In the height of Summer it makes sense to want to escape the office and lap the weather up. Of course, business must go on - and that's why you might begin to consider a garden office.
If you work from home, there are plenty of 'pros' for wanting to take your work outside, but there are also several 'cons' to doing so too. Here we'll take a look at some of the factors which might affect your working in a garden office.
How big is your garden? How big do you need the office to be? These are issues you need to address before you can even begin setting up your garden office. If the office is large, but the garden isn't, then you're going to lose a fair chunk of land to it. Likewise, if the office is too small to accommodate your business, then it may seem foolhardy even attempting to work in those surroundings.
The building you use for your outside office needs to be of high-quality. After all, you'd expect a traditional office to be structural sound and protected, so the same goes for garden offices. Whether it's an existing structure or a purpose-built one, that means installing durable floors, walls, ceilings, as well as adequate lighting. But it also means insulating the office from the elements, otherwise, in the summer you'll be working whilst drenched in sweat; in the winter, you'll be shivering too hard to type.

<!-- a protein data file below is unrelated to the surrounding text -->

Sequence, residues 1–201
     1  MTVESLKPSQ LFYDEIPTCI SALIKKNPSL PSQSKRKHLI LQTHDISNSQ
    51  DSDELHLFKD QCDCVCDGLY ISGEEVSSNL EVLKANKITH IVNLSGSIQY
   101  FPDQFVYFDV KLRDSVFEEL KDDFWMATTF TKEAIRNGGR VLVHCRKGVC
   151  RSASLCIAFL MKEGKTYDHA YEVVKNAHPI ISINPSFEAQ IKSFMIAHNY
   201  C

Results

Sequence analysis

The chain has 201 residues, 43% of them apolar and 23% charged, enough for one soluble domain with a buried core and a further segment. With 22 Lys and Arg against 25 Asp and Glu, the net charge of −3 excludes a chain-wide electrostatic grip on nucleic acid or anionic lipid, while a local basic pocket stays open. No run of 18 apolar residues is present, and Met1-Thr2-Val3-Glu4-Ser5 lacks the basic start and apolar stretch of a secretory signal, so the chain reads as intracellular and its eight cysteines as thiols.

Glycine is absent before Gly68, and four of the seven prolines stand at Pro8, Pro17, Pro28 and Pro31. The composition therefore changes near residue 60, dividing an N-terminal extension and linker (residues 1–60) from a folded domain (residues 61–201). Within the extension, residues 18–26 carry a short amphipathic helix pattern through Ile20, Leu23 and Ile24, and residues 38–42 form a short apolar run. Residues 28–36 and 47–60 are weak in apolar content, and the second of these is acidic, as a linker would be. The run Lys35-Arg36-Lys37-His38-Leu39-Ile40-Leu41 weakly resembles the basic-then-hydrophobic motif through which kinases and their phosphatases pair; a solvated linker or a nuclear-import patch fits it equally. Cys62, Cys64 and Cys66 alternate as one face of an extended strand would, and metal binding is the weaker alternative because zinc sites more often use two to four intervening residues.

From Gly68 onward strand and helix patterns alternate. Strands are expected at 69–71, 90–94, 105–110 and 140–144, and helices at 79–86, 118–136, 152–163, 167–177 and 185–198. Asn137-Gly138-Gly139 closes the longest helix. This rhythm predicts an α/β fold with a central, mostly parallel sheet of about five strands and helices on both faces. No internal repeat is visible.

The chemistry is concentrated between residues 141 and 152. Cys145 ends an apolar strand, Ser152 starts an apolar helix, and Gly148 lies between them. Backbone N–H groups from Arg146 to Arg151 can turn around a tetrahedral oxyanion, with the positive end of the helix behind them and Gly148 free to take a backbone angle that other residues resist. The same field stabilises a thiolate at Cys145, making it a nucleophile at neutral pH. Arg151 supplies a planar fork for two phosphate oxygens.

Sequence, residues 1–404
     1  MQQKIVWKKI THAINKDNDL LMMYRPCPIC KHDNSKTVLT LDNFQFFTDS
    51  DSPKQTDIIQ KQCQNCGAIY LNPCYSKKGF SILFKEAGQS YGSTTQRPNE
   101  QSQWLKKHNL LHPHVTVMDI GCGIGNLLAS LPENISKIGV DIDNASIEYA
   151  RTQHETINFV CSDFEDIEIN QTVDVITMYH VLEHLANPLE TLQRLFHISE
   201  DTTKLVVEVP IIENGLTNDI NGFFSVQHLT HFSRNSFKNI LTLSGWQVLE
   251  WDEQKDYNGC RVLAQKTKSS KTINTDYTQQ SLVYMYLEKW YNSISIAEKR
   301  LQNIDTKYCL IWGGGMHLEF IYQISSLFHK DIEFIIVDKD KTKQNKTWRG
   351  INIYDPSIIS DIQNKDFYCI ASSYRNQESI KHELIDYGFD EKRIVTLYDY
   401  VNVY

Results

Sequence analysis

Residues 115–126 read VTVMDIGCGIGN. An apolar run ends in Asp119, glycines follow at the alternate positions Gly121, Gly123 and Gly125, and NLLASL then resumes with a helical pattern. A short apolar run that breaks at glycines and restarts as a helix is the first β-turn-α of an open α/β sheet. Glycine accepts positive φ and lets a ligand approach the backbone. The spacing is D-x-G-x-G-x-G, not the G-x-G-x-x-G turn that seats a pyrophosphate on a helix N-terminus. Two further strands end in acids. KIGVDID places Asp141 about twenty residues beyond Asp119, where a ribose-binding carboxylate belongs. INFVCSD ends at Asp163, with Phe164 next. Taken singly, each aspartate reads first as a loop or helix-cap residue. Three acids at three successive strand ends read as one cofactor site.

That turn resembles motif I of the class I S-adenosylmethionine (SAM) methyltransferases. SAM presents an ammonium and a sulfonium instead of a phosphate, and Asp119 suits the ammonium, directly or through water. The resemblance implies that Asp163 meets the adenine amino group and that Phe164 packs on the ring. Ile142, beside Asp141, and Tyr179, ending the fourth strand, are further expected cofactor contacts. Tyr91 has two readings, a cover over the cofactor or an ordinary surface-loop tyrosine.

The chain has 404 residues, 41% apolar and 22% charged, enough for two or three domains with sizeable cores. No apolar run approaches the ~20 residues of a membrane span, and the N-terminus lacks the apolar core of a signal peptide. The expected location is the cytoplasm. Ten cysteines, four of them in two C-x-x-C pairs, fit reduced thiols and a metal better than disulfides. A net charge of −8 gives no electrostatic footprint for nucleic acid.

A great office is pleasing to the eye. Utilitarian, perhaps, but certainly not cramped or ugly. Be open to creating a garden office that's aesthetically pleasing to you. You're going to be spending a fair amount of time in there, and you don't want to hate every minute of it! Make the space truly yours with designs that encourage you to want to work, rather than just slogging through until you can make your escape.
If you're going to get some serious work done, you're going to need access to all the usual digital bits and bobs. That means plug sockets, phone lines, computer and internet access. Rather than having a zillion wires running down the lawn, you could always opt for wireless telephones connected to the main house. If you're worried about missing a call, don't be. Simply get two cordless phones, and plug the base unit and one handset in the house. Place a signal booster/repeater in the window, facing the garden office. That way the second cordless phone, set up in the office, will be in range - so you'll never miss that important call.
Garden offices are a neat way of working from home, whilst still offering a personal, private space. It's separate enough to be considered 'work' and close enough to be called 'home'. Do your research, know exactly how you'll make your garden office a successful venture, and enjoy working out there amongst the beauty of nature - especially now summer's on the horizon.
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